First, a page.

C Corporation Vs. S Corporation Vs. LLC

By Rob Jennings J.D.

In today's litigious society, obtaining limited liability when starting a business has become more important than ever for the upstart entrepreneur. While the limited liability company business structure is popular, many owners choose to organize as a Subchapter C corporation or a Subchapter S corporation. Making a decision as to how to organize requires an understanding of the basic characteristics of each corporate form.

In today's litigious society, obtaining limited liability when starting a business has become more important than ever for the upstart entrepreneur. While the limited liability company business structure is popular, many owners choose to organize as a Subchapter C corporation or a Subchapter S corporation. Making a decision as to how to organize requires an understanding of the basic characteristics of each corporate form.

LLC

A limited liability company has members, not shareholders, who appoint managers to run the company and may elect to report the company's earnings on their own personal tax returns -- this is referred to as "pass-through" tax treatment. Although state law may place restrictions on the degree to which members can be involved in the day-to-day operations of the company, the absence of a requirement for a board of directors generally gives members a greater level of control over company operations compared to corporate shareholders and reduces the complexity of conducting those operations.

Ready to start your LLC? Start an LLC Online Now

S Corporation

The distinction between S corporations and C corporations refers to the set of IRS rules under which a corporation chooses to be taxed. While an S corporation offers the same limited liability to shareholders as a C corporation or an LLC, a S corporation may not have more than 100 shareholders. This limits the corporation's ability to raise capital through the issuance of stock. Unlike an LLC, an S corporation must have a board of directors, stock certficates and stock ledgers. Unlike a C corporation, the shareholders of an S corporation can elect to receive pass-through taxation of corporate profits and losses.

C Corporation

A C corporation resembles an S corporation in many ways. Both require articles of incorporation, bylaws, board resolutions, stock certificates and stock ledgers. Additionally, both require the appointment of a board of directors to manage the company and both can issue and sell stock to raise capital. Unlike an S corporation, however, there exist no restrictions on the number of shareholders. In addition, C corporation shareholders do not have the option to pass corporate profits and losses on to their own personal tax returns.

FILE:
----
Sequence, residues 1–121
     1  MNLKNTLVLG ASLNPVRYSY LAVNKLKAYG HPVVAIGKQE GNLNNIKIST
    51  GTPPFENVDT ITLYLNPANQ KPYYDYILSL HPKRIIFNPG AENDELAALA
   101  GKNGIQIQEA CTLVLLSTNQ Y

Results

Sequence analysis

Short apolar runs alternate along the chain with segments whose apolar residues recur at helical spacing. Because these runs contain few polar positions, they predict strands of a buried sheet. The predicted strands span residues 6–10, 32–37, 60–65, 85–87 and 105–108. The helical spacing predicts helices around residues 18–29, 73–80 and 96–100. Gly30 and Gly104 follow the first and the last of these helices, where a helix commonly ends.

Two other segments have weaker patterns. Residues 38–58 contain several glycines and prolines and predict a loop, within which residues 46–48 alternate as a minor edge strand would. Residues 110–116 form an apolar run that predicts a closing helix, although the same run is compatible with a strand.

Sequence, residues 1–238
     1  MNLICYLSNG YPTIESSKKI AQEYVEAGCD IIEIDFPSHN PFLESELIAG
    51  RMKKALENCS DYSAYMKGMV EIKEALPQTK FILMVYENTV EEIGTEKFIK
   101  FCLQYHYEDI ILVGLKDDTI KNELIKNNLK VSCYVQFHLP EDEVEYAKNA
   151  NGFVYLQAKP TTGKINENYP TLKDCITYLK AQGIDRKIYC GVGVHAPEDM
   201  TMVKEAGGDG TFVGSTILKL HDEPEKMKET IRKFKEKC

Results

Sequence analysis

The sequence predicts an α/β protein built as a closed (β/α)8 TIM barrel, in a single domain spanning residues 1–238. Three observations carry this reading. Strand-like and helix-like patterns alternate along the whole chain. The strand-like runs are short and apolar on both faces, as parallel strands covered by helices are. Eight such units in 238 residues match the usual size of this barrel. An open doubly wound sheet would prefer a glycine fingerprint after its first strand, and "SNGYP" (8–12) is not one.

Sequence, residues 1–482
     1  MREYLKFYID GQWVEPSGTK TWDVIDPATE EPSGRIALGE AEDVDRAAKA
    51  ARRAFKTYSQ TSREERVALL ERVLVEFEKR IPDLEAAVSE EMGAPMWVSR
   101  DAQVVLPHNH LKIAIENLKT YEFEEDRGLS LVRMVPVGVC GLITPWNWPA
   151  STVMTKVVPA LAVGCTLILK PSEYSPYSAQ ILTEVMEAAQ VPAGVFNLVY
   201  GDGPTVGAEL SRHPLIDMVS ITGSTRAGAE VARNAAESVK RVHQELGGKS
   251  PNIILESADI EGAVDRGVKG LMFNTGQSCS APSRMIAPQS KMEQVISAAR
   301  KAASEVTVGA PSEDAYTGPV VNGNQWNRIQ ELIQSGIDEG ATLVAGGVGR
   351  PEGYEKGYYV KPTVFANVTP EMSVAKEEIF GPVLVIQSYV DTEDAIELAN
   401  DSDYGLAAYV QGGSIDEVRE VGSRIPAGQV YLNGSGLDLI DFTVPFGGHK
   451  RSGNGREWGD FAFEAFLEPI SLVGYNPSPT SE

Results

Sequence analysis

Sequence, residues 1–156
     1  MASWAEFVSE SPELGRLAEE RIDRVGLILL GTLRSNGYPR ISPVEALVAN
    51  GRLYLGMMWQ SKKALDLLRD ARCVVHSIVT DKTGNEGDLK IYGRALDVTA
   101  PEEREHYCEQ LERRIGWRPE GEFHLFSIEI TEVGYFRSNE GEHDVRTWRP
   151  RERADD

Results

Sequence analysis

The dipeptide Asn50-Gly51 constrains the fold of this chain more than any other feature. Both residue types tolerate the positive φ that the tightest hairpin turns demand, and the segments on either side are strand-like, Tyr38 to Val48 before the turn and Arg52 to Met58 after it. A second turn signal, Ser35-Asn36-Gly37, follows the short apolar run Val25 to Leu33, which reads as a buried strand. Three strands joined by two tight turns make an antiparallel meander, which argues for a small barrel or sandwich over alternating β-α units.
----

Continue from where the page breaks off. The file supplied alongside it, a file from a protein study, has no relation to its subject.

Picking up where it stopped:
Sole Proprietorship

Some entrepreneurs will face the decision of whether to seek limited liability at all. LLCs, S corporations and C corporations are all united in their inability to protect a member, shareholder, officer or employee from liability for his own acts in the course of business. As such, a sole proprietor who intends to operate the business on his own without employees will realize no limited liability advantage from organizing as one of these entities. As each state has documentation requirements and filing fees for limited liability companies and corporations, the financial cost and time requirements of these corporate forms may not be justified by the advantages they offer the entrepreneur.

Ready to start your LLC? Start an LLC Online Now
LLC Vs. C Corporation

References

Related articles

The Steps in Starting an S-Corp

An S corporation is simply an ordinary corporation that has elected to be taxed under Subchapter S of the Internal Revenue Code. To start an S corporation, you must form a corporation that qualifies under IRS rules and then apply for S corporation status with the IRS. The IRS routinely approves applications from qualified entities. Limited liability companies may also elect to be taxed as S corporations if they qualify.

C Corp, S Corp or LLC

Limited liability companies, or LLCs, are creatures of state law that offer the benefits of limited liability and flexible tax treatment without the onerous paperwork requirements associated with corporations. Subchapter S corporations and C corporations, on the other hand, are corporations that have elected to receive tax treatment under either Subchapter S or C of the Internal Revenue Code. Deciding how to proceed requires an understanding of the pros and cons of each option.

Is a Corporation the Same as an LLC?

At one time, there were only three options for company organizers choosing a form of business organization: the sole proprietorship, the partnership and the corporation. Then in the 1970s, the limited liability company (LLC) was introduced in some states. As of 2010, LLCs are authorized by all 50 states and the District of Columbia. It is similar to the corporation in some ways and different in others.

LLCs, Corporations, Patents, Attorney Help

Related articles

Comparison of an LLC vs. an S Corporation

When comparing legal structures for a company, many business owners end up comparing a limited liability company -- LLC ...

Advantages & Disadvantages of a C-Corp or S-Corp

The U.S. Tax Code and IRS recognize two different types of corporations: the C corporation and the S corporation. The ...

The Pros & Cons of an LLC Vs. an S Corp in Virginia

Starting your own business requires making a number of important decisions, one of which is deciding what type of legal ...

LLC Vs. S Corporation

Limited liability companies (LLCs) and S corporations are distinct business entities. State laws typically govern the ...

Browse by category